Young people in the neighbourhood acted out their stories in the shelter of the rubbish chutes underneath the tower blocks of the local estate. They had ‘dreaming spaces’ on the L shaped pier jutting out from the derelict riverside space. Older people still hauled themselves onto coaches clinging on to the old works tradition of the ‘beano’ and the wild south London seasonal decamps to the hop fields of Kent. They screamed out their survival of everything that the twentieth century had thrown at them through the raw processes of theatre: telling stories, singing and dancing. Each year they would still organise summer coach trips down to seaside towns on the south coast, still young and wild despite what their bodies were telling them, scouring the pubs for a piano. They’d transform themselves with costumes stuffed into carrier bags, seduce bar staff to sing and kitchen staff to perform impromptu fragments of Shakespeare. They were the curators of wild and wonderful mash-ups. ‘It was only a little bar but we commandeered it. And they all said “Oh it’s the Bermondsey Women.” We sit down quiet for one drink and then, all of a sudden, the piano and…’ (Slater 1985).

Wittingly or unwittingly Dartington’s Theatre Department engendered a slow-motion collision between these wild, natural and intuitive practices and the form and methodologies of Stanislavsky and Laban or work emerging from Steve Paxton and the American new dance scene. And in the preoccupation created by a confusion of necessity, barter and exchange, the question about welfare floated quietly out of the window. Students were given the confidence to ‘unlearn’ and put aside established conventions, in the encounter with the immediate and the new. Work evolved ‘in the doing’ and the passion for the doing neatly sidestepped the blind alleys of instrumentalism.  Forty years later, writing about the ongoing legacy of this practice in south London Danny Ruta, Lewisham’s Director of Public Health writes:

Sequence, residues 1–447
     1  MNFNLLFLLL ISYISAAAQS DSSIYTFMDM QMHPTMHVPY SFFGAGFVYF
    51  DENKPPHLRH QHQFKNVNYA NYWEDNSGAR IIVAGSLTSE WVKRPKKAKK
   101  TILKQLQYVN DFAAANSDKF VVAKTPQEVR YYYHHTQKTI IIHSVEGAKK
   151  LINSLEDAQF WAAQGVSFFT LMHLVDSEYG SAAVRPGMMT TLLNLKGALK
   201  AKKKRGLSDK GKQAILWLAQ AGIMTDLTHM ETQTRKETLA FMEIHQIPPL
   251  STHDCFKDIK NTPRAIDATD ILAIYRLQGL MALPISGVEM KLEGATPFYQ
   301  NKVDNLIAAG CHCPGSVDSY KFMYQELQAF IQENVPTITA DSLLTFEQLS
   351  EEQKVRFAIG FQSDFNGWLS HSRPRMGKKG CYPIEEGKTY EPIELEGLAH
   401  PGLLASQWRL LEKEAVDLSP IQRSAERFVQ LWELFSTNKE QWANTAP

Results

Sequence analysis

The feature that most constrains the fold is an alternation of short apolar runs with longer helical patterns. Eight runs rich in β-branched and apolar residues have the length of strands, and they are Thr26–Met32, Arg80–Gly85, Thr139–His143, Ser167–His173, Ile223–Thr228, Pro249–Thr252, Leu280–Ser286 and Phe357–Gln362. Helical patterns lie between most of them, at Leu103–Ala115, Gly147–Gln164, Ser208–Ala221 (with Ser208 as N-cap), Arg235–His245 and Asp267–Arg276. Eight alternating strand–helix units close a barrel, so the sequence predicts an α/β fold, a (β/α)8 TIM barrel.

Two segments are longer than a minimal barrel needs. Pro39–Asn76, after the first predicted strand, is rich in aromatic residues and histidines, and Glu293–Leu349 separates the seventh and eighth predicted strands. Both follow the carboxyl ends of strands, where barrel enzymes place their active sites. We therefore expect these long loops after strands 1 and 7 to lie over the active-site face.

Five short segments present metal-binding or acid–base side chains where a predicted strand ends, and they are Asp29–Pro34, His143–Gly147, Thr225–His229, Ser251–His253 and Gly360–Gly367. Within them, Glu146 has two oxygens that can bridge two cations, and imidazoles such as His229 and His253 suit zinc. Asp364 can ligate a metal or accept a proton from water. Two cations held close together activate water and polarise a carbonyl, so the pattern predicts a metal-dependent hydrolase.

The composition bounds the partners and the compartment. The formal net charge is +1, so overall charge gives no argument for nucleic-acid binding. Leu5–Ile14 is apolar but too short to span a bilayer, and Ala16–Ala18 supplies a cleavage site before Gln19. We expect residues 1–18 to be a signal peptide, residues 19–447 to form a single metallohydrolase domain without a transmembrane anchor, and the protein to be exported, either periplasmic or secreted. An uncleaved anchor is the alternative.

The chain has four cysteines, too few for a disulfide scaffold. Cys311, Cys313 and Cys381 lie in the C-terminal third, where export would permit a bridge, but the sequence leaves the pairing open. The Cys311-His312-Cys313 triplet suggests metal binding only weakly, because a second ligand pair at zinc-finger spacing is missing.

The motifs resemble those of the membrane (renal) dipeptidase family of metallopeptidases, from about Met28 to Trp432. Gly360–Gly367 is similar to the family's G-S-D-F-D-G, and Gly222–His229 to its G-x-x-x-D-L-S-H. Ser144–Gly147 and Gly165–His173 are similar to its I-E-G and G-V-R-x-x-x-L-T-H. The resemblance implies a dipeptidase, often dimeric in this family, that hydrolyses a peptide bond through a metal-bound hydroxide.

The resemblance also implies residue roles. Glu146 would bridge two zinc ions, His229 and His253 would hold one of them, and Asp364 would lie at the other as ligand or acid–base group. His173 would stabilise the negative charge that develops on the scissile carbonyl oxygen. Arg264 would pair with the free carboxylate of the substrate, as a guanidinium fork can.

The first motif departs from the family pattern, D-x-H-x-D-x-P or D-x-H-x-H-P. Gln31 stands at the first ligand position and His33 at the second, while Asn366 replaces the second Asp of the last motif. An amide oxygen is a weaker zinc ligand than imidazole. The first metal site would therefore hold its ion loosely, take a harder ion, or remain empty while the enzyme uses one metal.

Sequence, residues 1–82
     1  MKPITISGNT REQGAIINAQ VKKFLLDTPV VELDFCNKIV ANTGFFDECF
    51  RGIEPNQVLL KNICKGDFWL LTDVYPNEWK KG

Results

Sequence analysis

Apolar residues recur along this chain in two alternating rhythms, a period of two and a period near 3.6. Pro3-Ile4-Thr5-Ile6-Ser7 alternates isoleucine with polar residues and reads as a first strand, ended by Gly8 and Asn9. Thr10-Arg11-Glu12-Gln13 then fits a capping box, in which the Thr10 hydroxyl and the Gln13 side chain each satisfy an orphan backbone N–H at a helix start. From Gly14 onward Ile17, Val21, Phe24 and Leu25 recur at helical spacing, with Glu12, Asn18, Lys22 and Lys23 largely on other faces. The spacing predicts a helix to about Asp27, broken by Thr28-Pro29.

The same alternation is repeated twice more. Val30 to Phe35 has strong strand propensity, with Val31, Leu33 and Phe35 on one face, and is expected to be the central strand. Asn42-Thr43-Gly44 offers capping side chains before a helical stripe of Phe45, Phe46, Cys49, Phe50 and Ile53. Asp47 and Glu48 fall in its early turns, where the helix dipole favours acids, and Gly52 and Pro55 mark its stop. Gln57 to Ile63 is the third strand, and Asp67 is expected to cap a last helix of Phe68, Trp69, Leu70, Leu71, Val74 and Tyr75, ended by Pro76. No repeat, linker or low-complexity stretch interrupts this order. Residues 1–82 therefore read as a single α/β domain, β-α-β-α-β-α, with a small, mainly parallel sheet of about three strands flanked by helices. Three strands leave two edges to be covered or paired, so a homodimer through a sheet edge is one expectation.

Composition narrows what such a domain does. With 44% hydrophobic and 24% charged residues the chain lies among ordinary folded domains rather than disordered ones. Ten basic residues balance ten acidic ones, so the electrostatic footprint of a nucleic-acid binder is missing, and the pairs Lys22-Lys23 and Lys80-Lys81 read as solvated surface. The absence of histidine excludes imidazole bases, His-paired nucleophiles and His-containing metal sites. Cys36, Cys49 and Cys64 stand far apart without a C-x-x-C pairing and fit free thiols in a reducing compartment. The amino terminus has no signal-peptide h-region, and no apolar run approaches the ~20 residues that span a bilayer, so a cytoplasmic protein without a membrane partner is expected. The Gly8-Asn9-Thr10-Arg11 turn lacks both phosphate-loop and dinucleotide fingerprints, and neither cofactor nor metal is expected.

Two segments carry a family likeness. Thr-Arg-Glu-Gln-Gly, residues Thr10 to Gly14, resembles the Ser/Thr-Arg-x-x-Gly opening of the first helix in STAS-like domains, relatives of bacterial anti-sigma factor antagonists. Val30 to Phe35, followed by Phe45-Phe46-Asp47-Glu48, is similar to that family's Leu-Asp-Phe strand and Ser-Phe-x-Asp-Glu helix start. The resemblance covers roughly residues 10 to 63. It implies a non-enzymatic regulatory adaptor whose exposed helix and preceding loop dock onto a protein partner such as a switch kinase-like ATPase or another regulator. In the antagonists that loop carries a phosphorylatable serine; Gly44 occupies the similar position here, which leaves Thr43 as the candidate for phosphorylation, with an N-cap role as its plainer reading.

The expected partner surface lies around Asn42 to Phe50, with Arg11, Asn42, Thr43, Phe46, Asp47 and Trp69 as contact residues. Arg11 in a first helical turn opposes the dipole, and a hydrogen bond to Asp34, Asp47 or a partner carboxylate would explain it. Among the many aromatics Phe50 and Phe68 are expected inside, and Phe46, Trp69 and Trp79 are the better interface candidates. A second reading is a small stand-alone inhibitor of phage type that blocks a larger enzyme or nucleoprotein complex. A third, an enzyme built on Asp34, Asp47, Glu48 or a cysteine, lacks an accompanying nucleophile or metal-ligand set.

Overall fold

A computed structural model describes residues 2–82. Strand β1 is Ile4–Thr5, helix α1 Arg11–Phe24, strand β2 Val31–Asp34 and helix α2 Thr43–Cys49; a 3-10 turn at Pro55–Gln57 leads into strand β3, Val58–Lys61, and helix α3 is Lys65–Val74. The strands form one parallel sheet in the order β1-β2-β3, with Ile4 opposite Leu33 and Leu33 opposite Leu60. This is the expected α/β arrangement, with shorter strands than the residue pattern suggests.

‘It’s become clear to me what’s unique, what’s different… With the use of arts in health it’s either come from a biomedical model and considered as therapy, so you have an art therapist alongside a physiotherapist, or an occupational therapist or it’s an educational model and about teaching and you go and deliver a session. This is coming from a completely different model, which is about passion for art. It’s holistic; completely holistic.’ (Ruta 2017).

Four decades later there are still direct links back to Dartington’s presence. One of the older residents in the Bermondsey care home, now working with Entelechy’s artists on research and development for the forty-eight-hour immersive theatre work, was the niece of one of the Bermondsey women who worked alongside Dartington students in the 1980s. ‘My aunt was always doing wild things’, she said. And so the ripples continue, with the same irrepressible curiosity, energy and cultural intelligence inform the making of a very local theatre.

In his introduction to the Council of Europe workshop on Theatre and Communities Robert Witkin spoke of the point of connection between the individual’s expression of feeling and emotion and the larger structures of collective life; the individual’s ‘personal being and the larger structure of affect which we call community’. ‘Human Communities, unlike those of insects, or animals are not given directly in the genes; we have to make them and remake them.’ (Witkin 1985).

Within Dartington’s teaching the emphasis on process, the necessity for a constant making and remaking was most evident in the work of dance artist Steve Paxton and his introduction of Contact Improvisation with its focus on the constant state of becoming –‘the improvisational process of evolving that never really reaches an endpoint’ (Cooper Albright 1997) This practice suddenly suggested that there was ‘no one way to make dance… no kind of movement that can’t be included in these dances…no kind of sound that is not proper for accompaniment. Only the integrity of the performer is at stake, the integrity to do the business in hand’ (Barnes 1993).